The Future of Breast Cancer
"We're starting to understand the molecular and genetic basis of tumors, which is helping us develop better ways to treat the disease and even prevent it in high-risk women," says Leslie Ford, M.D., associate director for clinical research in the National Cancer Institute's Division of Cancer Prevention. These advances have made a significant impact: Death rates from breast cancer have declined steadily since 1990. When diagnosed and treated early, more than 90 percent of women with breast cancer now survive at least five years.
Doctors all over the country are conducting many types of clinical trials, studying new ways to prevent, detect, diagnose, and treat breast cancer. Some are also studying therapies that may improve the quality of life for women during or after cancer treatment.
Clinical trials are designed to answer important questions and to find out whether new approaches are safe and effective. Women who join clinical trials may be among the first to benefit if a new approach is effective. If you are interested in being part of a clinical trial, talk with your doctor. Trials are available for all stages of breast cancer.
Research on prevention
Scientists are currently testing several different drugs that lower hormone levels or prevent a hormone's effect on breast cells. In one large study, the drug tamoxifen reduced the number of new cases of breast cancer among women who were at an increased risk of the disease. Initial results of STAR (Study of Tamoxifen and Raloxifene), one of the largest breast cancer prevention studies ever, found that the drug raloxifene is as effective as tamoxifen.
Research on detection, diagnosis, and staging
At this time, mammograms are the most effective tool we have to detect changes in the breast that may be cancer. But researchers are studying the combination of mammograms and ultrasound. They are also exploring positron emission tomography (PET) and other ways to get detailed pictures of breast tissue.
In addition, researchers are studying tumor markers. Tumor markers may be found in blood, in urine, or in fluid from the breast (nipple aspirate). High amounts of these substances may be a sign of cancer. Some markers may be used to check breast cancer patients for signs of disease after treatment. At this time, however, no tumor marker test is reliable enough to be used routinely to detect breast cancer.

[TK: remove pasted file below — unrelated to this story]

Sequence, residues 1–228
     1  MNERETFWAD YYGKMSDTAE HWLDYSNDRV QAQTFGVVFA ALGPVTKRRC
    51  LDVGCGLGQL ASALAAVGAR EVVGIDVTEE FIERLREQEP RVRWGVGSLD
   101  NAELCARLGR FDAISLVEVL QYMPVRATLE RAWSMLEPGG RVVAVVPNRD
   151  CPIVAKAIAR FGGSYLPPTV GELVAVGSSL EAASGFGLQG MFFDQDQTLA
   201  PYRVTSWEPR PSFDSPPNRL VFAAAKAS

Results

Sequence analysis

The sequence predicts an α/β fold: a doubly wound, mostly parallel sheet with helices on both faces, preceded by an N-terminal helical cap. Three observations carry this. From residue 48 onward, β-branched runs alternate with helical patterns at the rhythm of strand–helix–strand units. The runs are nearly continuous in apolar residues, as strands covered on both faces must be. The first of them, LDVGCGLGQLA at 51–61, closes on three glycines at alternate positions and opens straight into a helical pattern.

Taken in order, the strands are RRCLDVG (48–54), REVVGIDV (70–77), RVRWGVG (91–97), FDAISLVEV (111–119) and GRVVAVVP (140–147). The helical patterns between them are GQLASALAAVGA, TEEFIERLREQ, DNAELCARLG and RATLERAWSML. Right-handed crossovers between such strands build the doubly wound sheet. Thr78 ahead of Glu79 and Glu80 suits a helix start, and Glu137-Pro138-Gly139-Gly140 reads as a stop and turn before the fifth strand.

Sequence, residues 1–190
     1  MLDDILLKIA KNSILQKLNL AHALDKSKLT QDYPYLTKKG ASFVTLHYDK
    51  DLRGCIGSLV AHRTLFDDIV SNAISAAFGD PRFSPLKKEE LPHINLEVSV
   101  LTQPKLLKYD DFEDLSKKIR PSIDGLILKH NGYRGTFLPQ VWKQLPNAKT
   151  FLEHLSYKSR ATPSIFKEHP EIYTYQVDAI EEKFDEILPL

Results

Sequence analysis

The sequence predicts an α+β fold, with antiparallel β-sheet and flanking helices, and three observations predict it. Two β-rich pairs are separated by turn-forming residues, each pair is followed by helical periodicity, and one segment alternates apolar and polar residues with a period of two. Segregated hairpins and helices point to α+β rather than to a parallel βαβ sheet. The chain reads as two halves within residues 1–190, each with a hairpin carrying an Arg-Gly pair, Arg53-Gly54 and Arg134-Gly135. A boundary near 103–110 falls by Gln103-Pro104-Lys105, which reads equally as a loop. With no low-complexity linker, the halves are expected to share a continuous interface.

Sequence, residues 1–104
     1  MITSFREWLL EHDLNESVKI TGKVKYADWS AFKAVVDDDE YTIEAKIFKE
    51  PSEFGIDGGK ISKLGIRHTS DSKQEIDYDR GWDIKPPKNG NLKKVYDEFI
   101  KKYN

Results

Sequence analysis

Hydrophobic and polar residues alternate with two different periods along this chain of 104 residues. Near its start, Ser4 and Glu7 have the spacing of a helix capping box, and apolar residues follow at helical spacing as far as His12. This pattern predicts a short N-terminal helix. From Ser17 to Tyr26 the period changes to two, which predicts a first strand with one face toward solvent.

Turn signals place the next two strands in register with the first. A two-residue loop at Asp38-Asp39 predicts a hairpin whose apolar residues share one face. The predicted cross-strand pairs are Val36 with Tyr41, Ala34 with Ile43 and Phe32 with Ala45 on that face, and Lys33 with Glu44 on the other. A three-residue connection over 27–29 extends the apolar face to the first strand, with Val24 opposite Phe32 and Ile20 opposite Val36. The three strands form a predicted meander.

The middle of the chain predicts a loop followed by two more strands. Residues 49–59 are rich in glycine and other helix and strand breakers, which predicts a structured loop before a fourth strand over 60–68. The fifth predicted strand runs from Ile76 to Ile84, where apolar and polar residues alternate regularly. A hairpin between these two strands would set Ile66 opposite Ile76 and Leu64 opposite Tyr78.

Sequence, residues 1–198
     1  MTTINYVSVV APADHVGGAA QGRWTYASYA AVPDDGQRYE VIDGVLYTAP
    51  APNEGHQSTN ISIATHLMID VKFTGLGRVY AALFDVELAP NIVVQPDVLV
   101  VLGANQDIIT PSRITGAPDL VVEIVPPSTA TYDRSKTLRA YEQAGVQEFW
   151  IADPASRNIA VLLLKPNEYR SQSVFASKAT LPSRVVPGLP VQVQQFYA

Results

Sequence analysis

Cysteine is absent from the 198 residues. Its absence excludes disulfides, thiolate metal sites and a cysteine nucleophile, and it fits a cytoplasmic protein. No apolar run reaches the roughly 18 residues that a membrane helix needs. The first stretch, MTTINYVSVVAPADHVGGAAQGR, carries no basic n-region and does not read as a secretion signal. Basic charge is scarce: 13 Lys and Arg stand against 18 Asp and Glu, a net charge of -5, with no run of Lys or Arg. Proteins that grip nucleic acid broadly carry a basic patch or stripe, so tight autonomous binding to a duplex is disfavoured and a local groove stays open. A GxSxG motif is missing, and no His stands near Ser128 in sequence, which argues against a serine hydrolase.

Ductal lavage also is under study. This technique collects cells from breast ducts. A liquid flows through a catheter (very thin, flexible tube) into the opening of a milk duct on the nipple. The liquid and breast cells are withdrawn through the tube. A pathologist checks the cells for cancer or changes that may suggest an increased risk of cancer.
Research on treatment
Researchers are studying many types of treatment and their combinations. Different types of surgery are being combined with other treatments. Doctors are studying whether radiation therapy can be used instead of surgery to treat cancer in lymph nodes. They are looking at the effectiveness of radiation therapy to a larger area around the breast. In women with early breast cancer, doctors are studying whether radiation therapy to a smaller part of the breast may be helpful.
Researchers are testing new anticancer drugs and doses for chemotherapy and looking at new ways to combine them with other treatments. Several types of hormone therapy, including aromatase inhibitors, are under investigation. And new biological treatments also are under study. For example, researchers are studying cancer vaccines that help the immune system kill cancer cells.
In addition new drugs, used alone or in combination with existing ones, are broadening treatment options and helping tackle the disease like never before. For example, Herceptin, which has been approved for early- and advanced-stage breast cancer, is still the first choice for women with tumors that test positive for HER-2, a protein that spurs cancer cells to grow and proliferate. But for some women, the drug stops working and the tumor returns. Fortunately for them, there's the newly approved Tykerb, which is being used successfully in conjunction with oral chemotherapy for women with advanced HER-2 breast cancer.
Researchers are also looking at ways to lessen the side effects from treatment. One method under study is sentinel lymph node biopsy. Today, surgeons have to remove many lymph nodes under the arm and check each of them for cancer. Researchers are studying whether checking only the node to which cancer is most likely to spread (sentinel lymph node) will allow them to predict whether cancer has spread to other nodes. If this new procedure works as well as standard treatment, surgeons may be able to remove fewer lymph nodes. This could reduce lymphedema for many patients.
Next on the horizon for breast cancer researchers: testing the effectiveness of drugs that work on a cellular level, which could significantly shorten the amount of time between trials and FDA approval. Preventive vaccines, which use your immune system to extinguish the disease, are also being studied.